Sexual Agreements Among Gay Couples May Help Prevent HIV

C. Price
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According to a University of Michigan study, when gay couples make, and stand by, sexual agreements, they are helping prevent the spread of HIV and other sexually transmitted diseases.

However, the study found only 57 percent of gay couples acknowledge that they have a sexual agreement and nearly half of the couples break their agreement.

Researchers said many men are afraid to admit they broke their agreement, which may inadvertently increase their risk and their partner’s risk for HIV and other STDs.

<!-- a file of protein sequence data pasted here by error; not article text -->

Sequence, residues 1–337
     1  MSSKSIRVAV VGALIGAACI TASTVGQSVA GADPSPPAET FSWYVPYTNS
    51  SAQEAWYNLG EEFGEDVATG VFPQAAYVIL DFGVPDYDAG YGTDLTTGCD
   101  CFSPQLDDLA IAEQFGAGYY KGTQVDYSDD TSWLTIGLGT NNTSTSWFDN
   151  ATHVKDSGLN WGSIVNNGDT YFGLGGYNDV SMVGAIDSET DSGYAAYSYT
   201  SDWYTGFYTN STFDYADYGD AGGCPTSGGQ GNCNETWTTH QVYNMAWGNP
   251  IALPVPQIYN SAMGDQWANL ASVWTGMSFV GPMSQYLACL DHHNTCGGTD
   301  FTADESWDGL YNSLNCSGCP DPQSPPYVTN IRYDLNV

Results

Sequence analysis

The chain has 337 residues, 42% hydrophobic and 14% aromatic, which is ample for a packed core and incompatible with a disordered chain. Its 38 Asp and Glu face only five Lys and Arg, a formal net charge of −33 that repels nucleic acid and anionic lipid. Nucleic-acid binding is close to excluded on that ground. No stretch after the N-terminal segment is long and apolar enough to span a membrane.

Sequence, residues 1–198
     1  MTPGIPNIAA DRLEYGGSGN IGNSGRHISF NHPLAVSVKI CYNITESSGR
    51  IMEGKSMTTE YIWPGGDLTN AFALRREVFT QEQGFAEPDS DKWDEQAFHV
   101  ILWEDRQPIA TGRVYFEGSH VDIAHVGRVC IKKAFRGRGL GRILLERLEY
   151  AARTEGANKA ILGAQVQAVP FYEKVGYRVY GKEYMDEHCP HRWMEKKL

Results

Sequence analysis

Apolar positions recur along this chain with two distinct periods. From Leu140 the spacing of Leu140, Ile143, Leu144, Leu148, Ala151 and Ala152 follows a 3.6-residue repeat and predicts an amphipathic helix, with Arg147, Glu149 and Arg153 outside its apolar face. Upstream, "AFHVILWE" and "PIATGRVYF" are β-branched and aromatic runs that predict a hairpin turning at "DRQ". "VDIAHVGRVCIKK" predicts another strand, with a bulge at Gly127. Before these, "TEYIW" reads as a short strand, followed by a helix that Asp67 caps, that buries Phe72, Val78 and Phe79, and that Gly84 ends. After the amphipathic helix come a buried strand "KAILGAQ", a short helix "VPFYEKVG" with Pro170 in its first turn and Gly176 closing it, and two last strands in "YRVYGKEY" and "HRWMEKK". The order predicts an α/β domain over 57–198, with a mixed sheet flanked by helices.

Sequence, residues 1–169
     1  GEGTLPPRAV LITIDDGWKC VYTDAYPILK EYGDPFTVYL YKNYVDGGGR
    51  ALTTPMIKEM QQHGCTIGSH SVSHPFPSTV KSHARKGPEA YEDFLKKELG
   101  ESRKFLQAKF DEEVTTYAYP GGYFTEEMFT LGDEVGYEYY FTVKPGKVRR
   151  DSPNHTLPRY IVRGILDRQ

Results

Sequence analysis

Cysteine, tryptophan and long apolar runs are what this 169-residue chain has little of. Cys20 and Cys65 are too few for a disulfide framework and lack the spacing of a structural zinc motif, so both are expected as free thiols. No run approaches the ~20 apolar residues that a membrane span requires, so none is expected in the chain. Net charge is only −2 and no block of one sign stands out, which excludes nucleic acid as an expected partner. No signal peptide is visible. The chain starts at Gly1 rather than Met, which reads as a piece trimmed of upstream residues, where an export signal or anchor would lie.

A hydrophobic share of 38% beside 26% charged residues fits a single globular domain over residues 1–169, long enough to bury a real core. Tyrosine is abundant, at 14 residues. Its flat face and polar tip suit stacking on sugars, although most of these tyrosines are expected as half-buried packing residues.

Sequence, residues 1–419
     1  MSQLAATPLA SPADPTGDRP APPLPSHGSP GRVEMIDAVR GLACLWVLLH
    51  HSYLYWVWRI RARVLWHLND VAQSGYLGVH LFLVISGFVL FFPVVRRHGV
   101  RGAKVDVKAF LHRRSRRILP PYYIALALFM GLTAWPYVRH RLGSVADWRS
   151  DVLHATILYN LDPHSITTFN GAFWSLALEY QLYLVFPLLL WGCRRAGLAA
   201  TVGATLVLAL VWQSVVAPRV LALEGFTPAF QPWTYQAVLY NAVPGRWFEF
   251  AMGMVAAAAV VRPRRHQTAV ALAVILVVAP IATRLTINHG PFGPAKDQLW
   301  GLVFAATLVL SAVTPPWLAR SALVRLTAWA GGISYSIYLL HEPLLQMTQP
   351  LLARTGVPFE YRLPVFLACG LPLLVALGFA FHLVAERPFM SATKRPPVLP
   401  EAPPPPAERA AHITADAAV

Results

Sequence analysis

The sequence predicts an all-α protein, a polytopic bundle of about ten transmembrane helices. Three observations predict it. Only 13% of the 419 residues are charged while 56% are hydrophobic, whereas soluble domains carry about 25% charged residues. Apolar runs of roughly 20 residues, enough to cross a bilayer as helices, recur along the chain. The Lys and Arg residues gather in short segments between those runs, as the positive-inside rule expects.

“When gay couples make sexual agreements,

they are helping prevent the spread of HIV.”

The good news is of the couples who openly agree to the guidelines of a sexual agreement, 80 percent abide by their commitment.

While gay men account for only 2 percent of the population, they represent more than half of new and existing HIV cases.

“From a public health perspective, we need to encourage gay couples to have more honest and explicit discussions when establishing and honoring sexual agreements,” said Jason Mitchell, assistant professor at the University of Michigan. “Sexual agreements are not only advantageous from a prevention standpoint for couples, but the agreement can also help strengthen the relationship.”

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